The Soft Coated Wheaten Terrier was considered a poor man's dog in Ireland as the common people were unable to own hounds of value. The Soft Coated Wheaten Terrier, Wheaten for short, was bred as a farm dog and vermin hunter and guarding the farm. The origins of the Wheaten are unclear because detailed records were not kept, but this breed is recognized as developing in the 1700s out of the need to maintain a working dog for farming and has given rise to more stylized breeds, such as the Kerry Blue, Irish, and Glen of Imaal Terriers. Despite this breed's long history in Ireland, it did not gain breed recognition until 1973.
Not officially named the Soft Coated Wheaten Terrier until 1937, this breed has a long history in Ireland. The Soft Coated Wheaten Terrier is a moderate dog with no high stylization, or exaggerated features accept their long beards and the shaggy tuft of hair on their heads, known as fau. The moderate look and size of the Wheaten kept this breed under the radar of the British in the 16th and 17th centuries. British Penal Codes enacted in 1704 forbade the Irish from owning any dog worth £5 or greater in value. Additionally, if the British developed an interest in an Irish dog, the Irishman was legally obligated to sell his dog. The Soft Coated Wheaten Terrier was not an eye catching dog, and the Irish were able to breed and maintain these dogs as working farm dogs and vermin hunters. The Soft Coated Wheaten also proved a hardy, useful, smart dog and survived the Great Famine of the 1840s. By the 1900s, a series of Catholic Relief Acts had overturned many of the previous British Law that prevented the Irish from owning hounds and more stylized dogs. This led to a drop in Soft Coated Wheaten Terrier numbers as people chose dogs with greater features. The Kerry Blue Terrier, a breed said to have originated with the Wheaten, as well as the Glen of Imaal Terriers had already gained recognition and popularity while the Wheaten continued working the Irish farms. However, the 1930s saw a resurgence of interest in the Wheaten, and in 1937, the Soft Coated Wheaten Terrier was recognized by the Irish Kennel Club as its own breed. The first Wheaten Terriers came to America in 1946 and slowly grew in popularity before being officially recognized by the American Kennel Club in 1973. Today, this bouncy, high energy breed, despite all his excellent qualities, remains only moderately popular.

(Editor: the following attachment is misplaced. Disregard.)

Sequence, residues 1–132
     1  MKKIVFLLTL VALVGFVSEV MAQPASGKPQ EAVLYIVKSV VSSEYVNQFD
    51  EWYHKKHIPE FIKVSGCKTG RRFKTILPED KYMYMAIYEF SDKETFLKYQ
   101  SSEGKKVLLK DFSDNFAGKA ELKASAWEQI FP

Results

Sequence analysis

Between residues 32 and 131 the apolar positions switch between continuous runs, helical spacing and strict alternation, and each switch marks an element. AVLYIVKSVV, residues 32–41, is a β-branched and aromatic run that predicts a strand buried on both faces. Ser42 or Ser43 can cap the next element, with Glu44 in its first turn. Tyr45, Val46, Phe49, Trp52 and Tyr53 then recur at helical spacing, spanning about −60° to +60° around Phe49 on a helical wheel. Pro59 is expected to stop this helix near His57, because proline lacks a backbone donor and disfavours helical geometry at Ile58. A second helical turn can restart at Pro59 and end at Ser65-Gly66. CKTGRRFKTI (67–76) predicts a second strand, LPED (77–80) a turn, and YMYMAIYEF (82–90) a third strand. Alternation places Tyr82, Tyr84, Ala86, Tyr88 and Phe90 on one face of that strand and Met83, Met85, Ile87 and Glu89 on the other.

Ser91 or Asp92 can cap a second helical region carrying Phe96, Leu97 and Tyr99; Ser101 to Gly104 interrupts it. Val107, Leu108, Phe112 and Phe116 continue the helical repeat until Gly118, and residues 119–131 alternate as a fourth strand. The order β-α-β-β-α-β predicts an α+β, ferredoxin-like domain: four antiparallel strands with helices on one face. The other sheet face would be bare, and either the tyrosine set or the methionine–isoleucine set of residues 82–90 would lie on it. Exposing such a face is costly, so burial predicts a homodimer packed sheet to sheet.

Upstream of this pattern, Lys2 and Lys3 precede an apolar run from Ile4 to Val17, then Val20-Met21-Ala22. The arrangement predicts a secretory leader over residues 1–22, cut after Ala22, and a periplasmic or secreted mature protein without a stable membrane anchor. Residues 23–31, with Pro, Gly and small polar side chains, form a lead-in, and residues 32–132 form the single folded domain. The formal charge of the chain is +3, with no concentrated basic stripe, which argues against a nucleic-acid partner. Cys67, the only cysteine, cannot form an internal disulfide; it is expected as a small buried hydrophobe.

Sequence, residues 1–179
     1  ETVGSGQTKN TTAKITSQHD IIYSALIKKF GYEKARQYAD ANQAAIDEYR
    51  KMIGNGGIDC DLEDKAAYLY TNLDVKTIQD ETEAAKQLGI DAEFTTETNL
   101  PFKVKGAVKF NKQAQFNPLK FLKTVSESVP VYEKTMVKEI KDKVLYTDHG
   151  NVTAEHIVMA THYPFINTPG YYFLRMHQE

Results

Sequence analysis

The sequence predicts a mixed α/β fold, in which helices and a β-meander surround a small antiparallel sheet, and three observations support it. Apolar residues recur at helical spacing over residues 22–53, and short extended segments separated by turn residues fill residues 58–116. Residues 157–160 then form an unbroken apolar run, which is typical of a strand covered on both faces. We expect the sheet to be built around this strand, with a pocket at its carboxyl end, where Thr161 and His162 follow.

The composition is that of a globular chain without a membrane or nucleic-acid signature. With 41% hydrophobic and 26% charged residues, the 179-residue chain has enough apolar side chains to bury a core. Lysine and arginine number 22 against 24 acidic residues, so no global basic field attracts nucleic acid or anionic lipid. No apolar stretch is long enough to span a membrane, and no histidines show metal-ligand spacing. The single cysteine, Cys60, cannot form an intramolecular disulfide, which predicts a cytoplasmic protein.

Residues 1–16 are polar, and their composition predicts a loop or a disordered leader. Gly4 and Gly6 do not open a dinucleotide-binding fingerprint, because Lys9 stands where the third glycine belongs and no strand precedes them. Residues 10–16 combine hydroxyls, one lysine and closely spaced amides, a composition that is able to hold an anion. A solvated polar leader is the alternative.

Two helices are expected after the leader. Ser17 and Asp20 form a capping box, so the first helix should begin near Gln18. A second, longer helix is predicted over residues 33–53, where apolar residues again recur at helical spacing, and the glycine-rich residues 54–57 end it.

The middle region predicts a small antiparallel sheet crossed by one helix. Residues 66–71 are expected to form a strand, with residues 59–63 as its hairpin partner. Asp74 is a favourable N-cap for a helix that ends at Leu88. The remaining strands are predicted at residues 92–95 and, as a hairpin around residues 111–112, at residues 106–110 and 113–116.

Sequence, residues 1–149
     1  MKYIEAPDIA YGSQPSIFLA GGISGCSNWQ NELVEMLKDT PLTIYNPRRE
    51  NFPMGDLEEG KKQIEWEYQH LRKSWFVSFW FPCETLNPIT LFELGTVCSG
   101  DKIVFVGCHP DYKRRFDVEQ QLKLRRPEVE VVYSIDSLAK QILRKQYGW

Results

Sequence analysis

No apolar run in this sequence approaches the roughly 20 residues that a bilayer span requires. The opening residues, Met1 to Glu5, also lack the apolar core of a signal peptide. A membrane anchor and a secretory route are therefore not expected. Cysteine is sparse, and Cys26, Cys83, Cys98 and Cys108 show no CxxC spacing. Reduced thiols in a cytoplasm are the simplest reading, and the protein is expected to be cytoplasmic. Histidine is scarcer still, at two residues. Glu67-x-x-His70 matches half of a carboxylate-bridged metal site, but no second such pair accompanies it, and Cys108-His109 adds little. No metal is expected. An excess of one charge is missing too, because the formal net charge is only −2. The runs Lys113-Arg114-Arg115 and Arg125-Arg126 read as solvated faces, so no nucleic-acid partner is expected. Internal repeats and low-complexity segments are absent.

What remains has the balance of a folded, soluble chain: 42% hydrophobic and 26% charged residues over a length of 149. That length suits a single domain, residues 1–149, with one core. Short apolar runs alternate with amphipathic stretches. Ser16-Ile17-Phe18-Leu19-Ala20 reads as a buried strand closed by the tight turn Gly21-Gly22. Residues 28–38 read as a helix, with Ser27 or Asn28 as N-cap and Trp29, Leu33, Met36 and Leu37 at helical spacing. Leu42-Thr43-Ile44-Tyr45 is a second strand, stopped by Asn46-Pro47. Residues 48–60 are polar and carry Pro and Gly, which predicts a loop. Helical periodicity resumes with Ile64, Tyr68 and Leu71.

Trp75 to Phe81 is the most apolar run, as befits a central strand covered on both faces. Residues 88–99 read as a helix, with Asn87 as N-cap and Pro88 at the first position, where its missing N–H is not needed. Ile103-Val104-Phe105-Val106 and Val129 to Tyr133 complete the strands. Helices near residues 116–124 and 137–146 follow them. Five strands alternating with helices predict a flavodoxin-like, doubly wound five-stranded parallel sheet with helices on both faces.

The most distinguishing feature of the Soft Coated Wheaten is the long beard under its muzzle and the blonde fau that shades its eyes. Unlike other terriers, the Wheaten has an incredibly soft coat that has a slight wave to it. The Wheaten has a rectangular-shaped head in proportion to its body with dark reddish-brown or brown eyes of medium size. This breed's eyes are almond-shaped and set moderately apart. Small to medium-sized ears are level with the head and drop forward. The Wheaten's nose is large and black, and tight black lips cover classic Terrier teeth with a level or a scissor bite. The forelegs are straight and well-boned and end in round compact feet with black pads. The hind legs are well developed with bend stifle joints and end in compact, round feet with black pads. The tail is set high and carried upright at 90 degrees from the back and is usually docked.
Daily brushing is required to keep the Soft Coated Wheaten Terrier's coat looking its best, but this breed is not known to shed much. When it comes to bathing, the Wheaten should only be bathed and shampooed when necessary due to the sensitive skin. Daily brushing will help keep the Wheaten's coat clean and mat-free. Dental hygiene is also important, so it is recommended to clean the Wheaten's teeth two to three times a week, though daily is preferable. Teeth cleaning will help reduce and remove tartar build-up and remove bacteria from the Soft Coated Wheaten Terrier's mouth. Toe-nail clipping is recommended twice a month or when you hear your Wheaten's nails clicking while he walks. Because the grooming needs are higher in the Soft Coated Wheaten Terrier, it is suggested that owners start grooming practices while the Wheatens are puppies to acquaint them with the maintenance best. The Soft Coated Wheaten Terrier is a bouncy, active dog that needs to run to burn off excess energy. However, if given the opportunity to run around in a safe, fenced in area, such as a dog park, the Wheaten is highly adaptable to apartment and urban living. The Wheaten will tolerate a hotter climate over a colder one but is an ideal dog for temperate environments. When it comes to feeding the Soft Coated Wheaten Terrier, this medium-sized dog needs between 1.5 and 2 cups of dry food divided into two meals daily. How much you feed your dog will depend on his activity level, age, and metabolism. Since the Wheaten is a little more sensitive to food allergies than other breeds, pay close attention to his nutritional needs any adverse reactions. You can consult with your veterinarian to develop a nutrition plan suited to your dog's personal needs as well.